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'The bigger shock was getting out': Veterans overcoming obstacles, finding success at UNL
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'The bigger shock was getting out': Veterans overcoming obstacles, finding success at UNL


Years before he walked across the Bridgeport High School stage to accept his diploma, Jacob Post decided he would follow his oldest brother into the Marine Corps.

“It was kind of like a call I had to answer, to give thanks for a blessed life and uphold the family tradition,” said Post, who traces his military heritage back to the Union Army during the Civil War.

After graduating from Millard South High School and completing a few courses at Metropolitan Community College in Omaha, Marlana Stephens also decided to become a Marine.

“I was an athlete in high school, I thought it was the most challenging branch of the service, and I wanted to feel like I was a part of the team and be a part of something bigger than myself,” she said.

As Post's and Stephens’ high school friends were getting the traditional college experience, or entering the workforce, they had given their lives to the Corps.

Post circled the globe as an amphibious assault vehicle operator with the 11th Marine Expeditionary Unit, deploying for training missions in Japan, Malaysia, Kuwait and Bahrain.

For his four years, Post and the 3rd Amphibious Assault Battalion, Alpha Company, 2nd Platoon, spent time in a dozen countries and worked alongside a handful of foreign militaries, conducting foot patrols in 130-degree temperatures in the Persian Gulf, or training the Korean military to sweep through urban environments building by building.

Stephens stayed stateside where she took part as a diesel mechanic in the Ground Combat Element Integrated Task Force, the U.S. Department of Defense’s experiment to put men and women into the same units in a mock deployment scenario.

It was a historic mission in the history of the American military and a way to show other women wishing to serve their country that they could also find a place in the Marines, she said.

But when their respective enlistments were up, both Post and Stephens found themselves in the same situations tens of thousands of other servicemen and women do every year — reckoning with what comes next.

The transition out

Post decided to return to his family’s ranch in the Panhandle when he separated from the Corps in 2015. The transition from Marine to civilian was far tougher than that of civilian to Marine, he said.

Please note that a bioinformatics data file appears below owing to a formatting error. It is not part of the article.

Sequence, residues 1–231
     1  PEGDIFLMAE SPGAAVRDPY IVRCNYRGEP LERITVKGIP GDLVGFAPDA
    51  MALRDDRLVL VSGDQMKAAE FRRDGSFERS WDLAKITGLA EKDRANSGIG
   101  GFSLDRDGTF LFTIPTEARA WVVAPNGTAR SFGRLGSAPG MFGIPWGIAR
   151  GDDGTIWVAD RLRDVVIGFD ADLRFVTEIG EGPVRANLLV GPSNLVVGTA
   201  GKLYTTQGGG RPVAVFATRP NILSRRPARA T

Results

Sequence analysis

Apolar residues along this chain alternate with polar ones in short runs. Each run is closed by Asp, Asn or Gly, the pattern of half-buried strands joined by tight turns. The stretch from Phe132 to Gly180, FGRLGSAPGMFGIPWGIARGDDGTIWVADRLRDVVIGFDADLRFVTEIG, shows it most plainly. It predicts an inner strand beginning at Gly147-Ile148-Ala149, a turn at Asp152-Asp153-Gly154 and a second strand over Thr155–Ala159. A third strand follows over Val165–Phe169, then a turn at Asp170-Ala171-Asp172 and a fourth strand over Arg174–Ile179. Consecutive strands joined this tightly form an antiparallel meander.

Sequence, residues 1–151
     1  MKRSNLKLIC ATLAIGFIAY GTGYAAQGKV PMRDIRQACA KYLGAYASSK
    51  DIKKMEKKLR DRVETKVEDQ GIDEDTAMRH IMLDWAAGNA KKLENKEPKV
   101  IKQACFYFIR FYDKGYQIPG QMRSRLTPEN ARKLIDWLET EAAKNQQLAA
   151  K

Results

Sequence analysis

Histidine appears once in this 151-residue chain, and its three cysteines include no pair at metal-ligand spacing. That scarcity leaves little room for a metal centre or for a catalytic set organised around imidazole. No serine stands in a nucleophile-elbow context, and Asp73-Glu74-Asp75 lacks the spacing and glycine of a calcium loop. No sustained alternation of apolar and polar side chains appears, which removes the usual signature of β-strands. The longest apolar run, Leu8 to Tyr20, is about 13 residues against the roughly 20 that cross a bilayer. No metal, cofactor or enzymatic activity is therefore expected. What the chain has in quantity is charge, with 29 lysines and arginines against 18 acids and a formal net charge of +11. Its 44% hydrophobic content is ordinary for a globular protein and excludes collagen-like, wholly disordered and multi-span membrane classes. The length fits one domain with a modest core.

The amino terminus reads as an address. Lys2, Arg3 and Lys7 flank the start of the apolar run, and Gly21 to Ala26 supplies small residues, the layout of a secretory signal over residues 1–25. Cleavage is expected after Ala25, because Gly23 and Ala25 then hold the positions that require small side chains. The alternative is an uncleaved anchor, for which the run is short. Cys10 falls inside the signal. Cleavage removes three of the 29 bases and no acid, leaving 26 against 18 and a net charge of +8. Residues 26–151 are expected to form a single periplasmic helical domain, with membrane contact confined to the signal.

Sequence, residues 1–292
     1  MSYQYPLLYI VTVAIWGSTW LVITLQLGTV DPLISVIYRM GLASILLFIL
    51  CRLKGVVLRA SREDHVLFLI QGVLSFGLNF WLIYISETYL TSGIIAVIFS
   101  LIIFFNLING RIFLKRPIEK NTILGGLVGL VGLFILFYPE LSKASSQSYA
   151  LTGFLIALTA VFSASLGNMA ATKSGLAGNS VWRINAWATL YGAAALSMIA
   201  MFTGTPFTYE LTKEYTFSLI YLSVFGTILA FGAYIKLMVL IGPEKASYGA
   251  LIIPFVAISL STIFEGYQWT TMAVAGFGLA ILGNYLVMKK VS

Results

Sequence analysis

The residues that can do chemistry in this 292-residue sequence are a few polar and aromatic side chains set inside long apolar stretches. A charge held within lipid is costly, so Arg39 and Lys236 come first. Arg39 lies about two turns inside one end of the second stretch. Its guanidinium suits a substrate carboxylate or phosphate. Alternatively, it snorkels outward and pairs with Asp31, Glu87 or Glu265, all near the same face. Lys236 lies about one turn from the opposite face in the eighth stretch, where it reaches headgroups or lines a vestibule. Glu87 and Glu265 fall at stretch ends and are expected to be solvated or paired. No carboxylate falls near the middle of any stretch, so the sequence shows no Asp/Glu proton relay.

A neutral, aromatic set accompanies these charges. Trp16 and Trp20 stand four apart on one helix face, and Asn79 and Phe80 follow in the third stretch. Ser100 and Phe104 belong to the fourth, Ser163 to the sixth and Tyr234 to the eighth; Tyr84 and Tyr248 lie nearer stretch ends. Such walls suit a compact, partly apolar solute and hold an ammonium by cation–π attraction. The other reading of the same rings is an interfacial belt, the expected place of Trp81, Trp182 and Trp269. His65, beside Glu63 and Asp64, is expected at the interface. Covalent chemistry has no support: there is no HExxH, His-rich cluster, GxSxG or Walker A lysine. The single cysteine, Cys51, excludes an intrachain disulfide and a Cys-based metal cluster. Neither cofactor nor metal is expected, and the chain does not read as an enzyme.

“It was a little bit of a change going from being a civilian high schooler into the service,” he said. “You get homesick and sometimes you say ‘I don’t want to be here,’ but you have friends — your battle buddies — there alongside you from Day 1 and that’s what gets you through.

“The bigger shock was getting out and coming back,” Post added.

If being a Marine means submitting the individual will to the objective of the platoon, leaving that structure can foster insecurity and feelings of being lost or alone, he said.

That was magnified when he enrolled at the University of Nebraska-Lincoln as a 23-year-old freshman, using Post-9/11 GI Bill benefits to pay tuition and for books and living expenses.

Sitting in class with students four and five years his junior, Post said he often felt awkward, like an outsider, and sometimes ostracized as a non-traditional student, even among friends and family members from his hometown also enrolled at UNL.

“I didn’t know who to talk to, didn’t know how class worked or how to study, and it had been some time since I had been in a school setting,” he said.

Like many of his fellow Marines, he said he forgot how to ask for help.

For Stephens, who initially signed up to be a Marine reservist but ultimately spent much of her tenure on active duty, getting out of the Marines meant no longer trying to juggle two different lives.

“Going back and forth between active duty and the reserves, you never really feel like you’re making serious headway on anything,” she said. “When you’re not doing it, you’re missing what you experienced on active duty, but when you’re there you have to put your life on the back burner.”

At one point during her six and a half years in the Marines, Stephens said she enrolled at the University of Nebraska at Omaha as a second-semester freshmen only to leave the university after transferring to a Texas unit.

She started taking classes at Blinn College in Texas, a junior college, but ran into the same anxieties and frustration many veterans feel when trying to access the educational benefits afforded to service members.

“There’s a lot of different pieces to that puzzle and if you don’t match them up right away, things just don’t happen,” Stephens said. “They expect you to know it, and there just is not any point that military service members are told the details of those things.”

Eventually, Stephens moved back to Nebraska with her fiancé, also a Marine, both determined to finally finish that elusive degree at UNL.

'A one-stop shop'

Four years ago, at about the same time Post arrived as an unsure non-traditional student, UNL opened its Military and Veterans Success Center, a place for the roughly 1,500 “military-connected students” on a campus of 25,000 to ask questions and access services.

It’s a service more colleges and universities across the country are offering as the number of current and former military servicemen and women are seeking postsecondary education using federal benefits.

More than 5,800 students in Nebraska accessed $29.7 million through the Post-9/11 GI Bill and other Defense Department funds for higher education at public and private universities, community colleges and for-profit schools in 2017-18.